As I mentioned in a previous post, I love spotting rare NYC yellow taxi cabs. And some of the rarest of them all is the small fleet of undercover NYPD cars disguised as yellow cabs. It's the perfect way to camouflage in this city. Just think about how many yellow cabs there are and how it would be hard to immediately distinguish a regular taxi from an unmarked NYPD vehicle. While the NYPD does have a variety of unmarked vehicles meant for surveillance and stealth, my favorite of them all has got to be the yellow cab range.
To most people, even New Yorkers, an undercover yellow taxi cab would be pretty hard to distinguish from a TLC vehicle since these NYPD cars also sport the 4-digit license number seen on all cabs as well as the highly-coveted taxi medallion stamped onto the hood.
But if you take a closer look, here are several ways you can tell you're looking at an NYPD car:
- Look for a missing center divider. Undercover NYPD taxi cabs don't normally have the plastic divider separating the backseats from the front seat.
- Disconnected or fake meter. It's just for show and on some of these vehicles, the meter is missing completely from the dashboard.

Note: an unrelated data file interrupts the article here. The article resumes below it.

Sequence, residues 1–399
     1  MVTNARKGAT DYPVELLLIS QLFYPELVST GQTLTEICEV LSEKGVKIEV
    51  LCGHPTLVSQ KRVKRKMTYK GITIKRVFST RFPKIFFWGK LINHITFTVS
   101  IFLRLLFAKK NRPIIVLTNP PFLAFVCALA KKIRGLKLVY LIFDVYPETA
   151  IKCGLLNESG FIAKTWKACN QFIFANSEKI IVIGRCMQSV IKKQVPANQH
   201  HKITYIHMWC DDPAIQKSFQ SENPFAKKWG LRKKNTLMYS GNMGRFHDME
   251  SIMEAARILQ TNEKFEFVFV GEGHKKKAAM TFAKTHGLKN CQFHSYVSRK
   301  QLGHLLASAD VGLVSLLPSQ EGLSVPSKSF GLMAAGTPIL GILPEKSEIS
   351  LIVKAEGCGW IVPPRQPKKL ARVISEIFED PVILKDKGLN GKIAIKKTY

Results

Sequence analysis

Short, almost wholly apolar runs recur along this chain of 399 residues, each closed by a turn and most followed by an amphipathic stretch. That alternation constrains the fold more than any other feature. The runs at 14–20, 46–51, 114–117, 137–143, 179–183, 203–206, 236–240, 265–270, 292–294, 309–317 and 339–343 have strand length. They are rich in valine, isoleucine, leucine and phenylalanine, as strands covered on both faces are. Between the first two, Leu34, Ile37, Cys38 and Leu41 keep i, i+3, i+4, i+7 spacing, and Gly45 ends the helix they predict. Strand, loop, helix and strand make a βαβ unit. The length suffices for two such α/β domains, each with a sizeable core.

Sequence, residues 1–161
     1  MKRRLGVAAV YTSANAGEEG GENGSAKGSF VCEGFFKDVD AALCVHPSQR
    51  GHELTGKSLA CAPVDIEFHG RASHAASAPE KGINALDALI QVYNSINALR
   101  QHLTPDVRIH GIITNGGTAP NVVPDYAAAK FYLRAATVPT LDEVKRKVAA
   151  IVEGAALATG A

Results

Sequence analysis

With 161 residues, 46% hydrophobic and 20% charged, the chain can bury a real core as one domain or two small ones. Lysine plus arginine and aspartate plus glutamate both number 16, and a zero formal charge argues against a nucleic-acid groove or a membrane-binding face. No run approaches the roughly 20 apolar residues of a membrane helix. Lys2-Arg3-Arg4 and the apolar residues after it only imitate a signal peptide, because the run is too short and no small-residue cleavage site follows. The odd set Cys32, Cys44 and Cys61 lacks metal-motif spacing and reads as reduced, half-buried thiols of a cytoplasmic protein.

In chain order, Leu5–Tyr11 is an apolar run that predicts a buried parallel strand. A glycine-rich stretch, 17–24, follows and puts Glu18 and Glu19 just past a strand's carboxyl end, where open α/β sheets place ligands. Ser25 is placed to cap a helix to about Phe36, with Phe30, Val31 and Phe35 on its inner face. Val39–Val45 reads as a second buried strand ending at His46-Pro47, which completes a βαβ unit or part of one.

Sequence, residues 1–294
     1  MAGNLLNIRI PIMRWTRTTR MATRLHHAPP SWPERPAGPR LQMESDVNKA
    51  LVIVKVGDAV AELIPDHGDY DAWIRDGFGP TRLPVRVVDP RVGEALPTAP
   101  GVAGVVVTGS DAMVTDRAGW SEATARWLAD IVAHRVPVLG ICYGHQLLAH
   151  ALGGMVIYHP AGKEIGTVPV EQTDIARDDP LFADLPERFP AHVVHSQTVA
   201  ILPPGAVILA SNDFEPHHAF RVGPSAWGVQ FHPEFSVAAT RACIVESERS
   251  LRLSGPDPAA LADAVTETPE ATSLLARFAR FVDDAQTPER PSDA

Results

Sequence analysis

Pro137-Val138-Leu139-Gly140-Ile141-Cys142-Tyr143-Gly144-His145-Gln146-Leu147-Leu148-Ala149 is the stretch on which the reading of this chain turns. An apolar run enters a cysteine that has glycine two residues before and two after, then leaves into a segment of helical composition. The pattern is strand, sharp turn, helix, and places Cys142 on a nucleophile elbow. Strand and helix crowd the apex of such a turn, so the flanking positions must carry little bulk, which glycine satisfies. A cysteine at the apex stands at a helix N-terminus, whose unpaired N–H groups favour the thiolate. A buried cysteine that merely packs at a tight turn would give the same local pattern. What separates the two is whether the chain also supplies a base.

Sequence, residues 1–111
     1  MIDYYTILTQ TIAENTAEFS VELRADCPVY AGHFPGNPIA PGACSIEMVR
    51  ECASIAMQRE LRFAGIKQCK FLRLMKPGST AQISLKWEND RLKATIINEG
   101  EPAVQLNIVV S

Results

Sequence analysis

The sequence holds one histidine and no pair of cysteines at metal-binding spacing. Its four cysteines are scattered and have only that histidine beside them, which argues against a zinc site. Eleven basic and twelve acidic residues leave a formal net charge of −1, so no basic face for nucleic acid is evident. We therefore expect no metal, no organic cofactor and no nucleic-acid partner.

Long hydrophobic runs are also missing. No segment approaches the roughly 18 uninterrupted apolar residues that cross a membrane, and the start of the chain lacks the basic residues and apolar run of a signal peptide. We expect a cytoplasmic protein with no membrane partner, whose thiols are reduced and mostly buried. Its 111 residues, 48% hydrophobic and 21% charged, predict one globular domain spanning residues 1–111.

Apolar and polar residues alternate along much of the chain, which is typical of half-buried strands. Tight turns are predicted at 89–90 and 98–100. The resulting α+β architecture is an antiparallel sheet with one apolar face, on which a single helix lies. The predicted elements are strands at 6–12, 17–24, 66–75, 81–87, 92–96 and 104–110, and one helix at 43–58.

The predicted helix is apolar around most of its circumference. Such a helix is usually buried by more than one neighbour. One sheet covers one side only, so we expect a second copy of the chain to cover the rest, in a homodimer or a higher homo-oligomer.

- Grey bumpers. This one used to be an easy tell, but nowadays the vehicles have been updated to sport the regular yellow bumper.
- Extra black side skirts. This is another trait that has slowly been phased out since it made it too easy to spot to those on the lookout.
- A computer in the front seat. If you can get close enough, look for the NYPD computer mounted in the center console area in the front seat.
- 2W and 6Y. This is probably the easiest way to tell. All of the undercover taxis sport a license number starting with 2W and 6Y (important note: Not all vehicles starting with these characters are undercover).
In the photo gallery below, you'll find the following taxis: 2W97, 6Y19, 6Y17, 2W95, 2W68, 6Y13, and 6Y21*.
*It is possible that some of these vehicles have been decommissioned by the NYPD. But for historical and educational purposes, I've left them here for you to see.
All photos by Herman Yung/Doobybrain.com